Calif. officers bought 7,600 banned assault weapons through legal exemption

The LAPD bought 146 guns, the most of any one department in the state.
The LAPD bought 146 guns, the most of any one department in the state.

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An Associated Press investigation has found that police officers in California have bought 7,600 assault weapons and high-capacity magazines in the past 10 years that civilians can't buy – all legally. But it’s not clear if they bought those firearms to use on the job.

The state law that lets officers buy assault weapons took effect a few years after a wild North Hollywood shootout in 1997. Two armed-to-the-teeth bank robbing bandits clad in body armor poured down automatic weapons fire at LAPD cops armed only with shotguns and pistols.

Some officers grabbed more powerful rifles from a gun store to even the odds. Police agencies later lobbied for an exemption in the state’s assault weapons ban so officers could buy them to use on the job, which became law in 2001.

LAPD Commander Andy Smith told the AP that his department isn’t interested in “loading up people’s gun closets with assault weapons.” He says they’re for use on duty. Smith spend $1,200 on his own gun. "The idea is that these guys would be able to have these in the trunks of their police cars if they're needed."

A department-by-department breakdown of purchases made this year, released as part of the AP's records request, shows that Los Angeles Police Department officers bought 146 guns, the most in the state. The department's policy says the guns are to be used only for police purposes.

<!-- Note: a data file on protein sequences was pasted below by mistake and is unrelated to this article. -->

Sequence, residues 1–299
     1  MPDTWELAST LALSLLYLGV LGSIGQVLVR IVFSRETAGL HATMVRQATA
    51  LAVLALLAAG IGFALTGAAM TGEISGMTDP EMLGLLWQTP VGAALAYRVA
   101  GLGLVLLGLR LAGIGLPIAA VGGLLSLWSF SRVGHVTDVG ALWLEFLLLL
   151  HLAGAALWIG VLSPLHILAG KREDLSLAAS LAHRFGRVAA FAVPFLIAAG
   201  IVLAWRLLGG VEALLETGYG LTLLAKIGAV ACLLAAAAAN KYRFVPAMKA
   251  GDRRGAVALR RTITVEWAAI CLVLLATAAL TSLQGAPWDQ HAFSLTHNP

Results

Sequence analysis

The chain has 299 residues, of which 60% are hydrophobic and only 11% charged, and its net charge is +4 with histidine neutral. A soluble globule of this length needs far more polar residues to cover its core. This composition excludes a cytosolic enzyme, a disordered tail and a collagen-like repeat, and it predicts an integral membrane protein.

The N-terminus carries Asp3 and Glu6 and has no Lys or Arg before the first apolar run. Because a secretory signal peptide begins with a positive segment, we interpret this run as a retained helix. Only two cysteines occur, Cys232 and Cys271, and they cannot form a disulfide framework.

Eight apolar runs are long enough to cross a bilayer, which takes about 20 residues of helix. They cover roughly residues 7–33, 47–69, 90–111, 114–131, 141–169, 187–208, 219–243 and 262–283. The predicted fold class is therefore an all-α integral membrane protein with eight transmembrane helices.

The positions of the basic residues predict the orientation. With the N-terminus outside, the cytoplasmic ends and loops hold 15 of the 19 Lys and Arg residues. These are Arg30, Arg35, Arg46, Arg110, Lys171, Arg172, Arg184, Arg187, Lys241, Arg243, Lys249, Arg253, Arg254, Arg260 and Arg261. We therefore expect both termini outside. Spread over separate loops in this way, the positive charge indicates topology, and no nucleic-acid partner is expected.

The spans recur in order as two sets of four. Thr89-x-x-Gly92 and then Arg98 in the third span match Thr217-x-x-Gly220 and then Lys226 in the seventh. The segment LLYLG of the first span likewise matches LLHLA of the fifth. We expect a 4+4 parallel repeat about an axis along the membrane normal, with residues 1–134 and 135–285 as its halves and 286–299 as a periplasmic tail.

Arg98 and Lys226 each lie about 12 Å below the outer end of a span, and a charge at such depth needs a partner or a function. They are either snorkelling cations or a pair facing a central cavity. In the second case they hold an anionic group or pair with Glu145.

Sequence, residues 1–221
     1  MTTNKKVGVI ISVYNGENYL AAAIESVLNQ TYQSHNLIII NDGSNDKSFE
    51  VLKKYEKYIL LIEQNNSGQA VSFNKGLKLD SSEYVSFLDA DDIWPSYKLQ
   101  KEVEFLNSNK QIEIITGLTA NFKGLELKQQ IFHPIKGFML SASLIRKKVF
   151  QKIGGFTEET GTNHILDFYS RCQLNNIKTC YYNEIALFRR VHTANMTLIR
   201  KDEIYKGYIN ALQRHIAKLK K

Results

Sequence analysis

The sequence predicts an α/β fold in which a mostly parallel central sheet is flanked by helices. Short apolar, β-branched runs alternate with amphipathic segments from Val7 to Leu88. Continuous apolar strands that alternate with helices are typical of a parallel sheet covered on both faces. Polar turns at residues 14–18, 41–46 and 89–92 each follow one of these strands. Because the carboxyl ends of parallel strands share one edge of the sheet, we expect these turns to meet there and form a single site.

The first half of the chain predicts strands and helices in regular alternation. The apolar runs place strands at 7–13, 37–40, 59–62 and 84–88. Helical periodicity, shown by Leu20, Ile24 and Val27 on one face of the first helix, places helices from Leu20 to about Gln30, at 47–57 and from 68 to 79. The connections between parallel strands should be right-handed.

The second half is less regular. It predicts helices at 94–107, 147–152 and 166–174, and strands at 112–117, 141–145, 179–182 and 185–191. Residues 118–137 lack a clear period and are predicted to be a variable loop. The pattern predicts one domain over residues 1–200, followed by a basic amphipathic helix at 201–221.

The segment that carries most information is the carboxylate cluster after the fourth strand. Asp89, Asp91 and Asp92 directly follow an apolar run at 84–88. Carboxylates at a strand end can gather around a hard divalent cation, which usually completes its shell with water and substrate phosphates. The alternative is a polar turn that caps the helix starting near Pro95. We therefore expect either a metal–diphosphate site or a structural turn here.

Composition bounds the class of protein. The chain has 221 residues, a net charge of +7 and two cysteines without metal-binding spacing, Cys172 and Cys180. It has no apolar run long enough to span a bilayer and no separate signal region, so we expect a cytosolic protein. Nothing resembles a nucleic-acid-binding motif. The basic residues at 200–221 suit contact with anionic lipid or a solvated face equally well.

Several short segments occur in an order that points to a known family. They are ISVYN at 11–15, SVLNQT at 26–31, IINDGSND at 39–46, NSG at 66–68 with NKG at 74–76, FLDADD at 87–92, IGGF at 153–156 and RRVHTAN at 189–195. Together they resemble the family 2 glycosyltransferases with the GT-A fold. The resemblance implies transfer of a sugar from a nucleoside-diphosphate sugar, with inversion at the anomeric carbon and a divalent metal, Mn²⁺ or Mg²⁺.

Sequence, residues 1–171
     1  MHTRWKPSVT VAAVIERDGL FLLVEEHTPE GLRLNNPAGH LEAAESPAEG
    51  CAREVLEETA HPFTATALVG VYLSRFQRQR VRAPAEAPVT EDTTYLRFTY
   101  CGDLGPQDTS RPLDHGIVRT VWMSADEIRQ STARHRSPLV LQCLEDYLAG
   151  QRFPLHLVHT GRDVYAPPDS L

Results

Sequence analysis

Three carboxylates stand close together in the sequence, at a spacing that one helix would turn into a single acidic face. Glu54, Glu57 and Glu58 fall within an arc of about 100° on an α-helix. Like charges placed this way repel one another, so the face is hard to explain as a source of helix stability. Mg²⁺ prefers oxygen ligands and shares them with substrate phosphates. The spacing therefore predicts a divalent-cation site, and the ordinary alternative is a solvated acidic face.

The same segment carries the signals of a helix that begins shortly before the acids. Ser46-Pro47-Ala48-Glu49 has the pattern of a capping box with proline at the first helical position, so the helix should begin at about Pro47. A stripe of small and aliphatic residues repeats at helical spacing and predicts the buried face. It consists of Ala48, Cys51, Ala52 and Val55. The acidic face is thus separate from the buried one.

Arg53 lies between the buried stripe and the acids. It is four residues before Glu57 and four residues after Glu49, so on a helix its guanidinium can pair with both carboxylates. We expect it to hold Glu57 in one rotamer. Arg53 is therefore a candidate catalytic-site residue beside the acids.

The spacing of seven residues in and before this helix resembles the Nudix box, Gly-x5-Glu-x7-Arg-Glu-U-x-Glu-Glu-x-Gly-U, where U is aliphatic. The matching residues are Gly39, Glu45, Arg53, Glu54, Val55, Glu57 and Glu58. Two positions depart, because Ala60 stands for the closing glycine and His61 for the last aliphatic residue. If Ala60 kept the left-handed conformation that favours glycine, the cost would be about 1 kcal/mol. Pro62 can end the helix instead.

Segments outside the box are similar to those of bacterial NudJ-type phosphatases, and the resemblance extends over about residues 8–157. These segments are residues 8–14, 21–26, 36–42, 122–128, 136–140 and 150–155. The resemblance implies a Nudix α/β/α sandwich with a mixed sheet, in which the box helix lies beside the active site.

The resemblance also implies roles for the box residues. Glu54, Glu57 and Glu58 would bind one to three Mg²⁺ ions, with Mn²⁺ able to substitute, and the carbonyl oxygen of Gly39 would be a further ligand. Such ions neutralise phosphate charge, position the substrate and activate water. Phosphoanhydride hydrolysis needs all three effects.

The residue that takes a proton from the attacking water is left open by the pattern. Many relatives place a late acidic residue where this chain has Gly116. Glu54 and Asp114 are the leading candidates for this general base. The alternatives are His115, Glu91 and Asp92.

Today, about 1,300 of the nearly 10,000 LAPD officers have assault rifles, more than 500 of them purchased by the officers themselves.

Investigators have not said what kinds of weapons were involved, but did say they were ones that officers can buy but civilians cannot. That category also can include certain types of handguns and high-capacity ammunition magazines.

One state lawmaker says maybe it’s time to tighten up California’s assault weapons exemption.

"I think it's much more questionable whether we should allow peace officers to have access to weapons or firearms that a private citizen wouldn't have access to if the use is strictly personal," said Assemblyman Roger Dickinson, a Democrat who represents the Sacramento region.

The information was obtained through a California Public Records Act request filed after federal authorities served search warrants in November as part of ongoing investigation into allegations of illegal weapons sales by several Sacramento-area law enforcement officers.

The investigation has raised questions about the kinds of restricted weapons that the more than 87,000 peace officers in the state are entitled to purchase and about a 2001 law that allows them to buy assault weapons "for law enforcement purposes, whether on or off duty."

The AP found that some departments allow officers to use the weapons in their off time while others require that the weapons be used only on-duty, although an opinion by the state attorney general issued last year says officers can acquire the guns for any purpose but must relinquish them when they retire.

Officers in the San Diego Police Department, Riverside County Sheriff's Department and Long Beach Police Department also registered large numbers of assault weapons so far this year.

The law allows any law enforcement officer, including prison guards, game wardens and school police, to use their own money to buy the weapons, provided they get permission from their departments.